If you do remove a small piece of food, don’t be alarmed if you see a little blood on your strand of floss. This isn’t uncommon if the piece of food was trapped for a while. But you should call dental office right away if gum bleeding persists as this could be a sign of gum disease or other common dental health problems.

Call dental office right away if you see something stuck between your teeth that can’t be removed by flossing. One of dentists will remove the object in a way that’s safe and efficient.

Apply a Cold Compress

A cold compress will constrict the blood vessels in your face and help reduce swelling. The coldness will also numb your face, which helps relieve pain.

You should never apply a cold compress for more than 20 minutes at a time. While it may be tempting, a cold compress can damage your skin and even cause frostbite if applied for too long.

If you don’t have a cold compress, you may instead wrap a bag of ice or frozen vegetables in a cloth towel. It’s important that you have a barrier between the bag and your skin. Otherwise, you may damage your skin and cause more harm than good.

Once a couple of hours have passed, you may try another round of applying a cold compress. But keep in mind that this is a temporary

solution to relieve dental pain. You won’t experience permanent relief from severe tooth pain until you seek emergency dental care.

Take Over-the-Counter Pain Relievers

It can be hard to concentrate when you have a severe toothache. That’s why we recommend taking over-the-counter pain relievers like ibuprofen and naproxen. Both of these medications reduce dental pain and inflammation.

Always follow the directions on the packaging when taking over-the-counter pain relievers. You should also remember that each person responds to medication differently. Just because a family member responds a certain way to over-the-counter pain relievers does not mean you should expect the same results.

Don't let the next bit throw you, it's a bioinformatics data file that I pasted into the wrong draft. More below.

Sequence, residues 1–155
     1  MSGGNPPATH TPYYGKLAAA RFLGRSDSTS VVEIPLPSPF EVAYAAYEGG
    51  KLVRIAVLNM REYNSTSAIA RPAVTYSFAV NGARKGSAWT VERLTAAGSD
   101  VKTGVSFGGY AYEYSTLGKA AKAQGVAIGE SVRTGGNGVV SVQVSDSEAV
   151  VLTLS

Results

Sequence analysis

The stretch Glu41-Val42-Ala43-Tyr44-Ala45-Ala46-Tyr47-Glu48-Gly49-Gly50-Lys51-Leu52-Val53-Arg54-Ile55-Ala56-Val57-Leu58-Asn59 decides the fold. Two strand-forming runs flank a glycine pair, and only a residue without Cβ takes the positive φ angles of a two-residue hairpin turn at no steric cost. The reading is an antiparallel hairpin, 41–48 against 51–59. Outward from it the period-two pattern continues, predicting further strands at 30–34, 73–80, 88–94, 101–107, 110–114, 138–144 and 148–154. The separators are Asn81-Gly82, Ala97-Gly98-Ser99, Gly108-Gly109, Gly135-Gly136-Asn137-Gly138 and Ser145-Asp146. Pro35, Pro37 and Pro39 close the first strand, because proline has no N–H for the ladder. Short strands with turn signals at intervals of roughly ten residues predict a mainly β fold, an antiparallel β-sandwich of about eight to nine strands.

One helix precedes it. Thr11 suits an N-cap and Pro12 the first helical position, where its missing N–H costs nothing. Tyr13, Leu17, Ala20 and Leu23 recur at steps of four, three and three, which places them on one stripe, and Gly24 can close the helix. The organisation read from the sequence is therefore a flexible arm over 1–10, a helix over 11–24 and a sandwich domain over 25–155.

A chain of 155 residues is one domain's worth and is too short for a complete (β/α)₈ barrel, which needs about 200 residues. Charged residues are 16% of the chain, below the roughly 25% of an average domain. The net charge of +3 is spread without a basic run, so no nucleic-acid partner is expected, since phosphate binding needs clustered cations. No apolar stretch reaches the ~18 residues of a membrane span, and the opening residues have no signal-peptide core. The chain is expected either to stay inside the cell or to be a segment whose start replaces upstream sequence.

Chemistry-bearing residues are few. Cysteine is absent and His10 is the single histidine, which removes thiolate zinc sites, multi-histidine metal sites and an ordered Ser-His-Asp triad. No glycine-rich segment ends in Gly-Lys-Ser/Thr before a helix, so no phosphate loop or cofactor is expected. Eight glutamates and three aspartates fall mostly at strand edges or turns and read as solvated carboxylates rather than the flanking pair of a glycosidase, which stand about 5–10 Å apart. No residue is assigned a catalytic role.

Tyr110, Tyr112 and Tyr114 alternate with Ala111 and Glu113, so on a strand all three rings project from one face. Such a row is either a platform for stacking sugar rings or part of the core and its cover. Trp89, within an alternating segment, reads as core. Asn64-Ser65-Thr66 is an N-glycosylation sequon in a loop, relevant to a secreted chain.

It’s important to remember that none of these things will treat the cause of your severe tooth pain. They can reduce discomfort, but you still need to see a dentist as soon as possible.

What treatments are available?

To really get to the root of the problem, you’ll have to visit a dentist. Some causes of severe tooth pain are relatively easy to fix, while others require much more complex treatment: · First, you’ll have an x-ray to determine whether you’ve got any cavities. · If you’ve got a cavity, the dentist will remove the part of your tooth which has decayed and replace it with a filling.

  • If the problem is caused by food which is lodged under your gums, then the dentist will remove the debris.
  • For situations in which you’ve got an abscess or a cracked tooth, treatments can be a little bit more complex, and vary in seriousness from requiring a root canal to extracting the tooth itself.

Preventing toothache

The best way to avoid getting toothache and other dental problems is to keep your teeth and gums as healthy as possible. To do this, you should:

  • limit your intake of sugary foods and drinks – you should have these as an occasional treat and only at mealtimes; read more about cutting down on sugar · brush your teeth twice a day using a toothpaste that contains fluoride – gently brush your gums and tongue as well
  • clean between your teeth using dental floss and, if necessary, use a mouthwash
  • don’t smoke – it can make some dental problems worse Make sure you have regular dental check-ups, preferably with the same dentist. The time between check-ups can vary, depending on how healthy your teeth and gums are and your risk of developing future problems. Your dentist will suggest when you should have your next check-up based on your overall oral health. Children should have a dental check-up every six months so tooth decay can be spotted and treated early.